But is it poetry, John?

But is it poetry, John?

You mean, is it like Wordsworth’s ‘Daffodils’

you know the one, ‘I wandered lonely as a cloud’

or ‘The Rime of the Ancient Mariner’?

Probably not.

Well, How about Milton’s ‘Paradise Lost?

Come on, we’re talking 2020 here.

Then what?

A little bit of Billy Collins, I say, and Billy Connelly,

a sort of mad mix, the demotic and demonic.

We let our dirty laundry hang out. moon the pious,

but always in an Aussie accent. Your country first.

Does it have to rhyme? you ask. Probably not.

It’s not like Aussie Rules. There are no rules.

Though it’s a game anyone can play.

Just let it rattle off the tongue, roll off the mind,

Ignore the referees.

Have fun.

I Like Graphic Novels

I like graphic novels.

I always have.

I like the illustrations.

It’s the little kid in me.

I always wanted to be an illustrator

but I never got past

little stick men, sorry, people.

I like that they can tell a novel-size story

in 64 pages or less

when some writers – I am thinking Pasolini here —

can push it up to 900 pages.

Come on!! as Lleyton Hewitt would say.

I have my little list of favourites:

‘Wilson’ by Daniel Clowes and ‘A Taste of Chlorine’

by that French author

and ‘Maus’, of course, the classic by Art Spiegel.

I remember the excitement when I purchased

‘The Dark Knight Returns’ by Frank Miller when it first came out.

It was like when I bought the just released “Revolver’ by the Beatles

and ran down the ramp of the Adelaide Railway Station to catch

the train home so I could play it on the turntable

only to come a cropper at the end.

It was that kind of excitement.

When in doubt, choose a graphic novel, I say.

66 Days

It took 66 days for Bobby Sands to starve himself to death.

It took me many years to starve my mind of the fear of public speaking

& though I have come a long way & people praise my confidence

it is still a work-in-progress

  • what fears have you overcome either partially or fully?
  • mural in Belfast courtesy of Wiki Commons

This is For You, she said

Maybe because I was slipping away into the comfortable, undemanding

arms of magazines, she gave me a brand new bookmark from ifaw.

Now all you have to do is find a book to put it in, she said.

It’s like someone buys you a pair of slippers for your birthday,

you’ve got to get a dressing gown to go with them, and then a box of cigars

and a bottle of tawny port like an English gentleman to get you through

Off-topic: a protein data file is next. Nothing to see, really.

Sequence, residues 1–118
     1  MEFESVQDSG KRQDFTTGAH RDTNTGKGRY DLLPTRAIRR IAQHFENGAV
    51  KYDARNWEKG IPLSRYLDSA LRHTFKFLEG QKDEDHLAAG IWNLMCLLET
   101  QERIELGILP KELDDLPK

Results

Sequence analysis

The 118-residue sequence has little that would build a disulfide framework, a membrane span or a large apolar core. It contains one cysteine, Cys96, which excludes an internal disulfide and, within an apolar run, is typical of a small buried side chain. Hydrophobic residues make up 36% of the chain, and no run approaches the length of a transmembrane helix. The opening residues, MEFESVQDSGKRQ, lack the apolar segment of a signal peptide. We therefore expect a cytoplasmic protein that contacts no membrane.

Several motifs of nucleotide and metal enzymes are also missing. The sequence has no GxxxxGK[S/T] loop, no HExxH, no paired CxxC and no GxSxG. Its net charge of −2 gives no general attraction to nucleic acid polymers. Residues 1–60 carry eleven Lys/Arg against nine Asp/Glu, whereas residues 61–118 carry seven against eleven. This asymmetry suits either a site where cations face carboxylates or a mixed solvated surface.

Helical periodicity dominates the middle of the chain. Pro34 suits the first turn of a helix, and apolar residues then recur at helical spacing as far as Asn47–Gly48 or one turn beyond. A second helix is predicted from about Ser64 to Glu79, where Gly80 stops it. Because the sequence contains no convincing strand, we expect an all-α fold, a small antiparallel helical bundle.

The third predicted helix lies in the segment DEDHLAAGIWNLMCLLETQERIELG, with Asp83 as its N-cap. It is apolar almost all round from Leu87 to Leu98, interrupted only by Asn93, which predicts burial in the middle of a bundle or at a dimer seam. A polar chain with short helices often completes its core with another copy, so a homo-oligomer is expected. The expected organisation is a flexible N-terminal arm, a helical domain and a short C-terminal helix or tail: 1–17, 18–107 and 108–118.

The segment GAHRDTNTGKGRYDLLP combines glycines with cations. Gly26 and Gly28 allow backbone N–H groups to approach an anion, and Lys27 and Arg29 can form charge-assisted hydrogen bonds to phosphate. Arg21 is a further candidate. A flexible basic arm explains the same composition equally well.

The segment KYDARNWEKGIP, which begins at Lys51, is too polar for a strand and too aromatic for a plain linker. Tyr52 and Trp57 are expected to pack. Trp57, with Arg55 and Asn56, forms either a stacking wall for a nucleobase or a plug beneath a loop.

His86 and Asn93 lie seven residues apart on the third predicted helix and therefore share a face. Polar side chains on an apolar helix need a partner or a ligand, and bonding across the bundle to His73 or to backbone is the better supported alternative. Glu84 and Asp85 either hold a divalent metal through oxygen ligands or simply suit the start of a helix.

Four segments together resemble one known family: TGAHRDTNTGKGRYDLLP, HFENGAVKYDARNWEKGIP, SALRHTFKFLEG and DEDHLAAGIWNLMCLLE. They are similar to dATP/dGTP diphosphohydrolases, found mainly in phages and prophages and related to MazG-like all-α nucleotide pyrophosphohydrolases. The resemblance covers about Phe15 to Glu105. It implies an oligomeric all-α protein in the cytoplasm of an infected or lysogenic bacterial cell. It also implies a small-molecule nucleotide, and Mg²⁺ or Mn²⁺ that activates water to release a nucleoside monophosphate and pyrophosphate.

the evening and a cozy murder mystery to curl up with before the fire

& suddenly I knew what type of novel I wanted.

  • what book have you got .lined up to read?
  • do you smoke cigars, drink tawny port and curl up before the fire of a winter evening?

Wolf Down

A few years ago I read a book called Wolf Hall.

Now I’m writing about Wolf Down

what the cat does with food when it’s been stuck

on the roof all day;

what we do now

wolfing down pleasure,

sunshine,

the great outdoors,

going for drives,

doing stuff together,

hoping to outfox the old virus for another day.

When I Come Back

When I come back

I want to come back as a book.

No matter how rambunctious, vitriolic,

passionate the life within,

I can’t get over how composed

each one looks.

  • if you could come back as a book, which character would you choose to be?

Collections of Jokes Do Not Win Pulitzer Prizes

A short story though it may be funny is not a joke.

The last line of a joke is the punchline.

The last name of a story has no name.

You remember a punchline.

You do not remember the last line of a story.

You may remember the first —- I still remember the opening lines of David Copperfield and A Tale of Two Cities — but I do not remember the last.

No one does.

You tell people jokes.

You do not tell short stories.

Short stories have an author.

Jokes do not.

No one knows who the first person was to tell a joke that does the rounds.

Jokes are short.

Short stories, except those of Lydia Davis, are comparatively long.

Collections of jokes do not win Pulitzer prizes.

Collections of short stories do.

I like them both.

There is one way short stories and jokes are alike: the good ones you like to hear or read over and over again..

Seized

You went after that photo like it was prey, she said. You were a fox, a panther, ferocious, determined.

You make it sound heroic.

It was also stupid, she snapped. There was no place to stop. You could have been hit by a car, that blue sedan in the photo, for instance, that beeped you to get off the road,

There was no other way, I said.

You could have let it go.

Never, When you are seized, you have no choice. You go after it like Amy Winehouse goes after the chorus of ‘Valerie’ or Eric Clapton the elation chords of ‘Layla’. There is total surrender to the feeling.The pursuit is everything.

The photo isn’t even that good, she said.

I got what I wanted. The sign. I would have climbed a precipice to get it

Sometimes I don’t understand you, she said.

Come on, I said, grabbing her hand, as we hopped back in the car and continued our journey, that sign disappearing in the rear-view

Fridays circa 5p.m.

There’s nothing I like better doing

than sitting here in a quiet corner

of the pub

with my Mongolian beanie on

waiting for my mates to rock up

while I have a quiet read.

I know it smacks of vanity

when I pull out my iPhone

and scroll through my posts,

reading what I said, what others said,

how many likes I got.

I like what I wrote and how I say it:

the long, slouching sentences,

the laconic phrases

[Hey! I’m an Ausssie]

the odd syntax here and there

[ like the first line of this post ].

One should be as comfortable in one’s voice

as in the clothes one’s wearing.

I like the merry banter of patrons in the bar too,

the warm embrace of companionship

as I like to gather my poems around me

like boon companions

until my real friends, my flesh and blood friends,

turn up